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Concatenation Operator (+) – is used as concatenation operator. It is the only operator to manipulate strings. If the operands are a mix of strings and numbers, JavaScript will convert the numbers to string. (+=) – concatenates two strings and assigns the result to x, like: x=“hot”; x +=“dog”; x now is “hotdog”.

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Comparison Operators Operator/OperandsFunction x==yx is equal to y x!=yx is not equal to y x>yx is greater than y x>=yx is greater or equal than y x

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Equal and Identical Two strings are equal if they have the same length and same characters in corresponding position. Two numbers are equal if they have the same numeric value. Identical are not only the same value, but also of the same data type: “54”== 54 => true “54”===54 => false true==1 => true true===1 => false

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Example 6 Comparing Numbers var x = 5; var y = 4; var result = x > y; document.writeln(" The result is "+ result + ". "); result = x < y; document.writeln( "The result is " + result + ". ");

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Comparing strings - Example 7 Comparing Strings var fruit1 = "pear"; var fruit2 = "peaR"; var result = fruit1 > fruit2; document.writeln( " The result is "+ result + ". "); result = fruit1 < fruit2; document.writeln( "The result is " + result + ". "); result = fruit1 === fruit2; // Are they identical; i.e., value and type are the same? document.writeln( "The result is " + result + ". ");

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Logical Operators Most often used in “if” statements. Numeric operand is true if it evaluates to any number that is not zero. Operator/OperandsFunction num1 && num2true if num1 is true and num2 is true num1 || num2true if num1 is true or num2 is true ! num1Not num1: true if num1 is false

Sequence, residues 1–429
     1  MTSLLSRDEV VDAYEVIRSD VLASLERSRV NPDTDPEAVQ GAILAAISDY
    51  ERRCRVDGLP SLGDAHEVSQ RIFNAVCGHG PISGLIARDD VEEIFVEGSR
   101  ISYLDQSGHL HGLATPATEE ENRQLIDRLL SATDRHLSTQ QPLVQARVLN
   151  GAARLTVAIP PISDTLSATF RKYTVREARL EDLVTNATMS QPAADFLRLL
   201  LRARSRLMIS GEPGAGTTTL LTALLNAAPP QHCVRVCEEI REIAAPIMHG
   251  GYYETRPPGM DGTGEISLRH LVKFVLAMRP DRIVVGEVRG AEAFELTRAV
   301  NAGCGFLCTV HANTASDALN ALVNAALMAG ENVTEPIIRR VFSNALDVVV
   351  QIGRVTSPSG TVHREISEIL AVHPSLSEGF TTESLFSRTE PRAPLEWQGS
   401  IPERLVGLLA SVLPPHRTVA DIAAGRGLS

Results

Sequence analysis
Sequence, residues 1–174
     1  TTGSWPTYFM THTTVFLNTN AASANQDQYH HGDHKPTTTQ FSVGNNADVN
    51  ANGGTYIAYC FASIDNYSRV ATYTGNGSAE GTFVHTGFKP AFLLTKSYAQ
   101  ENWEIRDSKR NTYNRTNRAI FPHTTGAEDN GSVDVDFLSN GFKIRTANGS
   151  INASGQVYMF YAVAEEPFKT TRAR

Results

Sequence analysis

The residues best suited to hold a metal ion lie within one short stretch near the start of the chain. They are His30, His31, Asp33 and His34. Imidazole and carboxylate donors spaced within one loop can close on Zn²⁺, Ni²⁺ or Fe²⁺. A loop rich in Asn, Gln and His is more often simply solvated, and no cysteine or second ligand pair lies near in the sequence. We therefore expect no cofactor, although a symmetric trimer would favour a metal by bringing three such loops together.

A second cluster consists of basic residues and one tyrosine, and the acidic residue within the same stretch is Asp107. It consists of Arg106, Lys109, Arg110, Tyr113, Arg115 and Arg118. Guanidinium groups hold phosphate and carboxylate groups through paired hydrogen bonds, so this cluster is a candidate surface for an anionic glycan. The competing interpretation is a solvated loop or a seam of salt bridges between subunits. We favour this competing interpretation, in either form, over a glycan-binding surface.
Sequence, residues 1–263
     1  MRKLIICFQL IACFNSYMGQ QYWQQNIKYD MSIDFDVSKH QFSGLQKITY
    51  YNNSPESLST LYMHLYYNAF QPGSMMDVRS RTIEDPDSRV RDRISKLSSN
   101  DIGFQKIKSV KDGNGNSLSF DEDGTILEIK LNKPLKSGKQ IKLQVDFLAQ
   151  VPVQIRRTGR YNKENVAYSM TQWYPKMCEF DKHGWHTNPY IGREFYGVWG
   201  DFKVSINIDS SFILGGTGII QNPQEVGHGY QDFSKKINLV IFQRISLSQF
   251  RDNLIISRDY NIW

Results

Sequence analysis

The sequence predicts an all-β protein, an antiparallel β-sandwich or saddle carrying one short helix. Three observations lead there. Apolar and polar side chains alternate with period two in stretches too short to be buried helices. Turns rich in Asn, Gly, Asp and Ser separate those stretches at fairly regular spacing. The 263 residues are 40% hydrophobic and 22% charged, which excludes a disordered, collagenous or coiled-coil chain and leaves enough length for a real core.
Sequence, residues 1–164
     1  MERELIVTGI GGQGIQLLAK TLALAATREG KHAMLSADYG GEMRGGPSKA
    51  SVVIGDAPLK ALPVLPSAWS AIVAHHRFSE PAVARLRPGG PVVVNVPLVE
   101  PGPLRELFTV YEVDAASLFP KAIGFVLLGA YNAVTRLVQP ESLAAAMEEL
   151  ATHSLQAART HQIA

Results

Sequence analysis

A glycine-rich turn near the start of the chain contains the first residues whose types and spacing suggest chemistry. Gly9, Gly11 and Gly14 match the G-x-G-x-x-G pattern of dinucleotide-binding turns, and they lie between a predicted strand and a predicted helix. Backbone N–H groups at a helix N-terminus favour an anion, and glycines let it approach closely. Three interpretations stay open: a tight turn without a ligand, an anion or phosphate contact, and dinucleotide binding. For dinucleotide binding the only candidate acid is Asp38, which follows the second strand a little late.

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Logical AND Whatever is suppose to happen is based on two conditions, and both conditions must be met. If the left hand expression of the AND operator is evaluate to zero, the expression is false and the right hand expression is not evaluated.

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Example 8 Logical AND Operator var answer = prompt("How old are you? ", ""); if ( answer > 12 && answer < 20 ) { alert("Teenagers rock!"); }

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Logical OR Whatever is suppose to happen is based in two conditions, and only one condition must be met. If the expression on the left hand side of the OR operator is evaluated to true, the value of the expression is true and the right hand side expression is not evaluated.

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Example 9 Logical OR Operator var answer = prompt("Where should we eat? ", ""); if ( answer == "McDonald's" || answer == "Taco Bell" || answer == "Wendy's"){ alert("No fast food today, thanks."); }

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Logical NOT It is used for a negation. The ! is called an unary operator because it has only one operand. !null => true !undefined => true

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Example 10 Logical NOT Operator var answer = true; alert("Was ” + answer + “. Now " + !answer);

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Example 11 Logical (Boolean) Operators var num1=50; var num2=100; var num3=0; document.write(" num1 && num2 is " + (num1 && num2) + ". "); document.write("num1 || $num2 is " + (num1 || num2) +". "); document.write("! num1 is " + !num1 +". "); document.write("!(num1 && num2) is " + !(num1 && num2) + ". "); document.write("!(num1 && num3) is " + !(num1 && num3) + ". ");